Globalization--north America and the Fur Trade, ca. 1550-1800s



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HSTAA 221

Nash


Globalization--North America and the Fur Trade, ca. 1550-1800s
I. Economies in the 16th Century

A. Native America: subsistence economies

-example: New England

-Indians capable of being wasteful (e.g., extravagant potlatches), but the structure of native societies does not generally encourage ever-increasing consumption

B. Europe: (emerging) Capitalist Economy

--less social regulation of exchange, consumption, accumulation (market is stronger, trade and accumulation is accepted, encouraged);

--“mercantilism”an imperial policy that revolves around resource extraction in colonies
II. The Fur Trade and its Social Effects on Native American Societies

A. When and what was the fur trade?

B. Why trade with Europeans?

C. What made this trade different?

1. the size of the network/market

(a *global* market)

2. middlemen (fur trade “entrepreneurs”) and the expansionist imperative of capitalism

3. trade not regulated/constrained by sociocultural customs on the part of Europeans

D. Effect on Indian societies

-more material wealth

(Historian James Axtell, “the first consumer revolution in North America”)

-more war (e.g., Iroquois “beaver wars”, 1650-1700)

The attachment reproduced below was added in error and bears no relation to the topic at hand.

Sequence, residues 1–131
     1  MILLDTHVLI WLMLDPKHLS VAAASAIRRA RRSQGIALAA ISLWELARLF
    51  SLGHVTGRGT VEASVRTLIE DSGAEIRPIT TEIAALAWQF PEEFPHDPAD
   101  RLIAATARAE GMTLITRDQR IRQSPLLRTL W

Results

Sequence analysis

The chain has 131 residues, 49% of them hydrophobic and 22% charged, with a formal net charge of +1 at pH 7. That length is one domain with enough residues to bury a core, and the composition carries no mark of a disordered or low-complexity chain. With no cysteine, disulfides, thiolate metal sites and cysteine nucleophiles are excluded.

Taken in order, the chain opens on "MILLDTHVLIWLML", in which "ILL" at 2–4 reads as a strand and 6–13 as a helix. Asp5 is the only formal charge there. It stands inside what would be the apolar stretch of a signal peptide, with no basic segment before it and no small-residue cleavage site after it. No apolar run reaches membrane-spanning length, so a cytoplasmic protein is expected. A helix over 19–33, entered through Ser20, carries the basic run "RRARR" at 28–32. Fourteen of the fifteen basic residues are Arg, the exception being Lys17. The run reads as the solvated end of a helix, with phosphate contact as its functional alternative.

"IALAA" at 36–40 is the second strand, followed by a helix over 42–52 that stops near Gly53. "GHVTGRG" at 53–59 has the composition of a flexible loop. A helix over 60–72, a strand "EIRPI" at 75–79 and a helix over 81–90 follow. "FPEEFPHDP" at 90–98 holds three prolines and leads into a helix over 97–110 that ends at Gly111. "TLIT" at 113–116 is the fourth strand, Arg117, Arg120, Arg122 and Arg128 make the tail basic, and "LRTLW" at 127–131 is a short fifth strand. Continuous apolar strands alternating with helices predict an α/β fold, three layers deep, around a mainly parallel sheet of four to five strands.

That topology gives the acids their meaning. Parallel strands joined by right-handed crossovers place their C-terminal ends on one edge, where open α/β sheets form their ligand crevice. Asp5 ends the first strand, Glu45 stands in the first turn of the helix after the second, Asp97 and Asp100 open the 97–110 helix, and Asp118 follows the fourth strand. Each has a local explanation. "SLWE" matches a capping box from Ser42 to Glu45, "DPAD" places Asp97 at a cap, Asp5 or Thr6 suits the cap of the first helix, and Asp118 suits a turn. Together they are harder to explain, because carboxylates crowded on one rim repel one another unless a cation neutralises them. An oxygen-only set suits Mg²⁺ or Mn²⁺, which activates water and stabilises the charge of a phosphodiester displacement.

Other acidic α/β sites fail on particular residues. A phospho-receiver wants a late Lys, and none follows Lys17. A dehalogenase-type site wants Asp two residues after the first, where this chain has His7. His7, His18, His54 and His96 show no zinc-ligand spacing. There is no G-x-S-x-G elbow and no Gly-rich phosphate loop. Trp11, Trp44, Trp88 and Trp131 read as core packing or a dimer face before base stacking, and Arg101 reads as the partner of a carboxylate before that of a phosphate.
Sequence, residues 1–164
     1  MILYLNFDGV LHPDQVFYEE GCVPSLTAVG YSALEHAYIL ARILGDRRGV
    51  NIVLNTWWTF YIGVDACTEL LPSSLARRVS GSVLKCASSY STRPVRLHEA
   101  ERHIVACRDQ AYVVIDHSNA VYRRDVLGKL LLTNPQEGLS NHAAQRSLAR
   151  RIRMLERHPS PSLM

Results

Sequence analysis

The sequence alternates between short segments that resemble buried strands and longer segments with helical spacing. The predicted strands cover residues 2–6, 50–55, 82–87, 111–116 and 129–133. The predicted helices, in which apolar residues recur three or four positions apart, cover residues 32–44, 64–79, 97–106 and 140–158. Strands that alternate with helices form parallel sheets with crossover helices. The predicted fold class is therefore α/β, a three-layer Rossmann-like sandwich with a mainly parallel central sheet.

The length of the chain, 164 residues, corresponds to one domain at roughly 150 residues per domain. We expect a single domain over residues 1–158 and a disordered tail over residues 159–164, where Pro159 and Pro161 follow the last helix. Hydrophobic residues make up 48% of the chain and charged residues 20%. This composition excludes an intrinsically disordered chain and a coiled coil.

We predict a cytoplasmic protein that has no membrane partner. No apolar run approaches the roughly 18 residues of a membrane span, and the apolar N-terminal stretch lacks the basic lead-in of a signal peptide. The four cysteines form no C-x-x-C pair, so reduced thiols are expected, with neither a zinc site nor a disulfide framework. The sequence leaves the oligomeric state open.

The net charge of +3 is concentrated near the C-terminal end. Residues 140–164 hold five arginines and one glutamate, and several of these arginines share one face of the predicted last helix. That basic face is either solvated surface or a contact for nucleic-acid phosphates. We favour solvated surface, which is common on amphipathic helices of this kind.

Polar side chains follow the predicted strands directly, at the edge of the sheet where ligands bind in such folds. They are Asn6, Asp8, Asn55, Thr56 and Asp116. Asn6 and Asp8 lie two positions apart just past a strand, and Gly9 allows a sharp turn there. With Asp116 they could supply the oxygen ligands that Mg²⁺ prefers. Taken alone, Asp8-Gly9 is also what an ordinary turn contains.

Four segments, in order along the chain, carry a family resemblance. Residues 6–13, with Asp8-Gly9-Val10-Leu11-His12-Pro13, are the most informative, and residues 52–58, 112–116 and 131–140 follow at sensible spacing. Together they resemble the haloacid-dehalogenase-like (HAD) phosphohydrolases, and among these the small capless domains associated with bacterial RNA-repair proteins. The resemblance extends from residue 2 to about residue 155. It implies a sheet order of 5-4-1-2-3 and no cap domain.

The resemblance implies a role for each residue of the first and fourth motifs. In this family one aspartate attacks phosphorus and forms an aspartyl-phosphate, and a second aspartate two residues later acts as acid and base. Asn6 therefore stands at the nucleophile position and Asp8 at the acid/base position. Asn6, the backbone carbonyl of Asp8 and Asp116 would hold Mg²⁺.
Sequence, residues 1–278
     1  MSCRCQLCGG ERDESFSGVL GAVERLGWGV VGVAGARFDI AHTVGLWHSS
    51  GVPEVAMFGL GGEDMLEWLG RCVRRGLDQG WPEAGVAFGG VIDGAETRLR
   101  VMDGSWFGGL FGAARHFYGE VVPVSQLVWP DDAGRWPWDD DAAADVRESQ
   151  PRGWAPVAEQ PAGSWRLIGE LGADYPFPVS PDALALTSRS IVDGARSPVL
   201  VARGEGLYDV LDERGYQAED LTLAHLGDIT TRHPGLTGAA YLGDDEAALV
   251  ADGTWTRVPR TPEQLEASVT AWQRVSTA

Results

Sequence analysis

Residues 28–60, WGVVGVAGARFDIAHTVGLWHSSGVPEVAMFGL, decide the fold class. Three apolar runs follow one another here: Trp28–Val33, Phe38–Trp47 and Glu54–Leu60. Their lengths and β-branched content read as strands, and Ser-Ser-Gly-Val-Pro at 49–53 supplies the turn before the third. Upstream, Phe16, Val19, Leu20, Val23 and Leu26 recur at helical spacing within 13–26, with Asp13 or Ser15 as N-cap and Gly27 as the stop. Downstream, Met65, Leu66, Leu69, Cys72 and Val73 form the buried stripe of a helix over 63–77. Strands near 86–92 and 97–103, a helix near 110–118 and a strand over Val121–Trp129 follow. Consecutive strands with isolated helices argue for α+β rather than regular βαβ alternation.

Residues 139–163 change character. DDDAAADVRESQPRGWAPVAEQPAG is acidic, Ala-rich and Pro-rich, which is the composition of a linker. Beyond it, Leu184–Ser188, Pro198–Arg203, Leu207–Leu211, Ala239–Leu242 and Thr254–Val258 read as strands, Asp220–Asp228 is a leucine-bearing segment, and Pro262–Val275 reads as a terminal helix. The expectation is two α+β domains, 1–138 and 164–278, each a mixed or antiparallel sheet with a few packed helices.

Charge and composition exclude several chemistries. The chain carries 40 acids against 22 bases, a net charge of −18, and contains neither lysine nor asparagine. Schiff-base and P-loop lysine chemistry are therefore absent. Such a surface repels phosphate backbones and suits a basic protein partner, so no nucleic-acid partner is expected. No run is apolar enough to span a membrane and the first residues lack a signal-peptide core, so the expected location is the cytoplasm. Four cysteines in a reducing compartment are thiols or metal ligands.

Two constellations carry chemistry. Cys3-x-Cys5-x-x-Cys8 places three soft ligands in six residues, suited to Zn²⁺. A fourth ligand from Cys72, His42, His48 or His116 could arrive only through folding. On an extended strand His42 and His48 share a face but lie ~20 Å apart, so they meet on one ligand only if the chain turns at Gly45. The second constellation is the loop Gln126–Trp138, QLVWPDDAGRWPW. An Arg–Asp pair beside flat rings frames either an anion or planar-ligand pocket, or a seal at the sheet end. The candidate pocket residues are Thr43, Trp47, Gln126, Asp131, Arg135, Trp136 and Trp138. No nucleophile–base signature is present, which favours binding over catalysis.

-economic dependency

-positive feedback loop hunting generates more needs that can only be satisfied by tradein order to trade, Indians need to hunt more

-introduction of alcohol exacerbates this

-digression: alcohol in the fur trade

-why do Indians drink? Genetic versus social/cultural explanations
III. Local Ecological Effects

A. beaver trade

-beaver as “keystone species” their presence affects ecology more than their numbers and size would suggest

-crucial role of beavers in meadow/riverine ecologies


B. Pacific sea otter trade (Russians, British, Americans in 18th Century, 1740-1910)

--otters=another keystone species

--population from 150,000-300,000 down to 1000-2000

--dramatic effects on Pacific Coast food webs


IV. Conclusion

A. Cultural and material power of the capitalist market: animals turned into commodities; Native Americans brought into global market



B. Uneven effects of “globalization” on people and landscapes: winners and losers


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